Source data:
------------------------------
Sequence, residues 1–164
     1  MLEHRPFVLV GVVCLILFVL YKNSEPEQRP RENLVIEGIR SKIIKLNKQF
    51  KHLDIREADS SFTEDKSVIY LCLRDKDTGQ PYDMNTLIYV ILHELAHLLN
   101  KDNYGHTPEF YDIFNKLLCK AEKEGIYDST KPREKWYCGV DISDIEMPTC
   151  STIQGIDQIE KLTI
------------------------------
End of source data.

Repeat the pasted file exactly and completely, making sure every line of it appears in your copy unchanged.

Sequence, residues 1–164
     1  MLEHRPFVLV GVVCLILFVL YKNSEPEQRP RENLVIEGIR SKIIKLNKQF
    51  KHLDIREADS SFTEDKSVIY LCLRDKDTGQ PYDMNTLIYV ILHELAHLLN
   101  KDNYGHTPEF YDIFNKLLCK AEKEGIYDST KPREKWYCGV DISDIEMPTC
   151  STIQGIDQIE KLTI